Tuesday, February 28, 2017

A Discovery to Gladden a Dawg's Heart

Today is the final day of February -- a month some February-haters proclaim to be the "longest" -- so Ellie Mae (Superdawg II) and I headed over to the large county baseball complex for our morning walk.

It is baseball weather, for sure. Temperature in the mid-70s rising to maybe 80 this afternoon, with humidity to match. Chance of a few refreshing showers, which we old dawgwalkers normally  appreciate.

Again today, following a big weekend for baseball games on these fields, we found left-behind baseballs and softballs galore. If we had brought along one of those tall batting-practice buckets, we could have made a good start of filling it with baseballs. I always wonder who has the money to throw away perfectly playable balls by just leaving them littering the fields after a day at the ballpark.

Elle hungrily eyes her Carolina League prize
It brought to mind when I was a Little League coach and my son Bobby played on my team how we used to take a big bucket out behind the fence around old Parker Field in Richmond and find buckets of perfectly good balls for batting practice during the week. Triple-A players from the Richmond Braves franchise had hit them out. Sometimes they were hitting the dingers and we were chasing them as they bounced in the parking lot. (Bobby later began his career in sports management with the R-Braves, so I guess we more than repaid for all those great LL BP balls.) Oh, and while I am reminiscing, there was the time we went to a Braves' evening doubleheader, and Game 2 went into extra innings -- lots and lots of extra innings. Perhaps 21, if I recall correctly. Anyway we were gathering foul balls by the bucketful by the end of the action, given that we were among the few left in the ballpark. Finally, at 2:30 a.m., Bobby had ready access to the players for autographs.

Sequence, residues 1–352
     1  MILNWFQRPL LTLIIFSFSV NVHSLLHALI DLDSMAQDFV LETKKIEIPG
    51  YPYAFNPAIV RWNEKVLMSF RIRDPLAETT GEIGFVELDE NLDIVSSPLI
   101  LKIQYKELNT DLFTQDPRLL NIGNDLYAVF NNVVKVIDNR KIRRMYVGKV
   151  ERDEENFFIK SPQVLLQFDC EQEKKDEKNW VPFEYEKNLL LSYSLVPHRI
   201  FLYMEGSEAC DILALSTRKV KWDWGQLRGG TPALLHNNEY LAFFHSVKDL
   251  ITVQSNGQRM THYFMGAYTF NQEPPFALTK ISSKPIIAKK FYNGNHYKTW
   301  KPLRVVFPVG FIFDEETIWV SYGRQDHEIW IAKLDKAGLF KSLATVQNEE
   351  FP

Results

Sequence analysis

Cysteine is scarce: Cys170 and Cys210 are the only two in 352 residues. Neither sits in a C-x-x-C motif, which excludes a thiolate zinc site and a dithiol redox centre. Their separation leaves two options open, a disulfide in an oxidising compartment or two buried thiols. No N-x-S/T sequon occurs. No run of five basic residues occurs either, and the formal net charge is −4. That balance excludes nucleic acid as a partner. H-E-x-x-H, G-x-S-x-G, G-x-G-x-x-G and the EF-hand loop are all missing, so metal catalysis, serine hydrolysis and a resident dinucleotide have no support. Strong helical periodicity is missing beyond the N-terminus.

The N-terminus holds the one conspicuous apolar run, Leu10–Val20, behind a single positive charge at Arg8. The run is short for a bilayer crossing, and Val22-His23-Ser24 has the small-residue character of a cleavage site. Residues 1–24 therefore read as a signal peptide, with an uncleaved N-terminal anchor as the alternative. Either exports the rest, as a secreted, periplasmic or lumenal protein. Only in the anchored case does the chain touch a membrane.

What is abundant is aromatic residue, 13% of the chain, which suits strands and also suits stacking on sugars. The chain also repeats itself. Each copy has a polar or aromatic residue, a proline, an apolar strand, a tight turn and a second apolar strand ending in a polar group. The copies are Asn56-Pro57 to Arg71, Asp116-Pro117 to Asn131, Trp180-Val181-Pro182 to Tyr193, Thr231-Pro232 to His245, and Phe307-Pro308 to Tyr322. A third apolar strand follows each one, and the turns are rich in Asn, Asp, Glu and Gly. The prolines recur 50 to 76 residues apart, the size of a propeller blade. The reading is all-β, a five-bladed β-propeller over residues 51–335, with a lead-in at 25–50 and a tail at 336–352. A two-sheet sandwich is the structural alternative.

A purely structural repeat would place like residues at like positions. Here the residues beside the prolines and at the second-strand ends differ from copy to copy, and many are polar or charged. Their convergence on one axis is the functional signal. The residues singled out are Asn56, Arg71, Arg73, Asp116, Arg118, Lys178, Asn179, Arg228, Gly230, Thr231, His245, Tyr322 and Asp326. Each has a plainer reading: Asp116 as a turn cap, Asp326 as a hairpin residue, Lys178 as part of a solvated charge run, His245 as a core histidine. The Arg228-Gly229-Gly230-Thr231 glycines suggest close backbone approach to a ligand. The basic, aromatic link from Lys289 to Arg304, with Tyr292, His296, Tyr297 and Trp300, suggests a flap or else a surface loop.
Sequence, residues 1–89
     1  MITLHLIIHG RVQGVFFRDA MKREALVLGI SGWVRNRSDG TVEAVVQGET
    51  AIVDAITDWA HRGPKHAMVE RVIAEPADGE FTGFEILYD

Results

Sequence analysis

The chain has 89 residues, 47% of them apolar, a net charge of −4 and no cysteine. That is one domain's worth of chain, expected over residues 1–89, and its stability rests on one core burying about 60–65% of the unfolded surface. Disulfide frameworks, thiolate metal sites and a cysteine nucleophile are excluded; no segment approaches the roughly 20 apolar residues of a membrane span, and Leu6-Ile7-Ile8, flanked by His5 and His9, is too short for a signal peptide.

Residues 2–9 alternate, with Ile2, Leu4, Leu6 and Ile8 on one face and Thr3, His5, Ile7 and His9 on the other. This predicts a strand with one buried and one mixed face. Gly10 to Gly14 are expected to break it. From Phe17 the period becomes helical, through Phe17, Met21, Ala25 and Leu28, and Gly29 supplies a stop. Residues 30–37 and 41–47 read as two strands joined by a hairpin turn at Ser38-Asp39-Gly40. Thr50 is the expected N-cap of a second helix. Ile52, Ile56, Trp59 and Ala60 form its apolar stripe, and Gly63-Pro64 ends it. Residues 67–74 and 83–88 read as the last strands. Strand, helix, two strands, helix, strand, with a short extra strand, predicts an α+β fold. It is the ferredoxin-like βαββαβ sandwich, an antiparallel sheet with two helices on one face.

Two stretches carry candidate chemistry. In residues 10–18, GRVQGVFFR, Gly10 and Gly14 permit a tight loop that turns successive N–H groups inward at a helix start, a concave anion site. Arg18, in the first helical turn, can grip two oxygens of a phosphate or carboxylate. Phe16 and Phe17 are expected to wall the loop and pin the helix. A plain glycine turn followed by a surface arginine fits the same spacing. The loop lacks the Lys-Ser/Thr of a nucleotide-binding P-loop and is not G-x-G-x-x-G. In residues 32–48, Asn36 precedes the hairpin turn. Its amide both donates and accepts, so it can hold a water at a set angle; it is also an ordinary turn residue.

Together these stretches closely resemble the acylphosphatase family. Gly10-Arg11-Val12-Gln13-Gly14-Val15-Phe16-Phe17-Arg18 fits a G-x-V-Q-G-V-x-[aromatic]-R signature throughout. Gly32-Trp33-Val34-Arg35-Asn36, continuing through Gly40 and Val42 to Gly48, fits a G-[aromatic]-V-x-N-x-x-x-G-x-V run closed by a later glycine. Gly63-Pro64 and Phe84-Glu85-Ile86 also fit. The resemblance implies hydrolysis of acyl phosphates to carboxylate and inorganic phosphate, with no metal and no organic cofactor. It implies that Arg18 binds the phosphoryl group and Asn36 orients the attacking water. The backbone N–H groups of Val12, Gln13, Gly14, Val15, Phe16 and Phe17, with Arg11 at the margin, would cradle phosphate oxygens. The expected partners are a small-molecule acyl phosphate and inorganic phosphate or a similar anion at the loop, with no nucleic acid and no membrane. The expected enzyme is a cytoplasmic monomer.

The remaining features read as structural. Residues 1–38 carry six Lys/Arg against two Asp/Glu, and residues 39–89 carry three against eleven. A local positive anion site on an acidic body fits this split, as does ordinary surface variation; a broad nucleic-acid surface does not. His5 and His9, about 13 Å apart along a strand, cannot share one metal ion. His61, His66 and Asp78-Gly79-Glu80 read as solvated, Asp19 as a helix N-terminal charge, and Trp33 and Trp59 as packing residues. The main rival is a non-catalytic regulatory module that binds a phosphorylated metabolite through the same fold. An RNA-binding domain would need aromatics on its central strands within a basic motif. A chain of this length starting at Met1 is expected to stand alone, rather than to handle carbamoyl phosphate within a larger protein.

I digress, however. Today, Ellie Mae, who is quite a baseball aficiondado herself, zeroed in on a practically brand-new Carolina League ball and made it her own. I took her off the leash and let her happily play fetch. Now, she is using her very healthy (as confirmed by the vet yesterday) teeth to shred the baseball and later try to consume it as though it is a delectable mango as opposed to fungo fodder. I usually manage to intervene before the chowing-down goes too far.

We will be doing many more ballpark jaunts these summery mornings. A bonus is that we also can usually spot bluebirds there, which reside in dead trees in the swampy area beyond right field where many home-run balls have gone to their final resting places.

                                                   © Robert Gray Holland  2017

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